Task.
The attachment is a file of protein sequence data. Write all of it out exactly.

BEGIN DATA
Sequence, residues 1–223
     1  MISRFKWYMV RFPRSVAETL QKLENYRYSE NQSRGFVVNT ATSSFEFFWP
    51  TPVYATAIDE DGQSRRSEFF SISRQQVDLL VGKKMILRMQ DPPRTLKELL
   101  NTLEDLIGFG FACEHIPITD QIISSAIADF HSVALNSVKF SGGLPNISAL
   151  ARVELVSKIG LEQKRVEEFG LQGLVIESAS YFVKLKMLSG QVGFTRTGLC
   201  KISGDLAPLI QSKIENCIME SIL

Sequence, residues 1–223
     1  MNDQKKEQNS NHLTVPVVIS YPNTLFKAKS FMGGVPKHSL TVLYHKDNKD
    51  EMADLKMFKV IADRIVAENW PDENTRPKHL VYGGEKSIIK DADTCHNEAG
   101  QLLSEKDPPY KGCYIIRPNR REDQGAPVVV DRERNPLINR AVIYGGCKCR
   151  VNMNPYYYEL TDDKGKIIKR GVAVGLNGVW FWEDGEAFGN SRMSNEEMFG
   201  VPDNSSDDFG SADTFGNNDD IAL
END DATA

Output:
Sequence, residues 1–223
     1  MISRFKWYMV RFPRSVAETL QKLENYRYSE NQSRGFVVNT ATSSFEFFWP
    51  TPVYATAIDE DGQSRRSEFF SISRQQVDLL VGKKMILRMQ DPPRTLKELL
   101  NTLEDLIGFG FACEHIPITD QIISSAIADF HSVALNSVKF SGGLPNISAL
   151  ARVELVSKIG LEQKRVEEFG LQGLVIESAS YFVKLKMLSG QVGFTRTGLC
   201  KISGDLAPLI QSKIENCIME SIL

Sequence, residues 1–223
     1  MNDQKKEQNS NHLTVPVVIS YPNTLFKAKS FMGGVPKHSL TVLYHKDNKD
    51  EMADLKMFKV IADRIVAENW PDENTRPKHL VYGGEKSIIK DADTCHNEAG
   101  QLLSEKDPPY KGCYIIRPNR REDQGAPVVV DRERNPLINR AVIYGGCKCR
   151  VNMNPYYYEL TDDKGKIIKR GVAVGLNGVW FWEDGEAFGN SRMSNEEMFG
   201  VPDNSSDDFG SADTFGNNDD IAL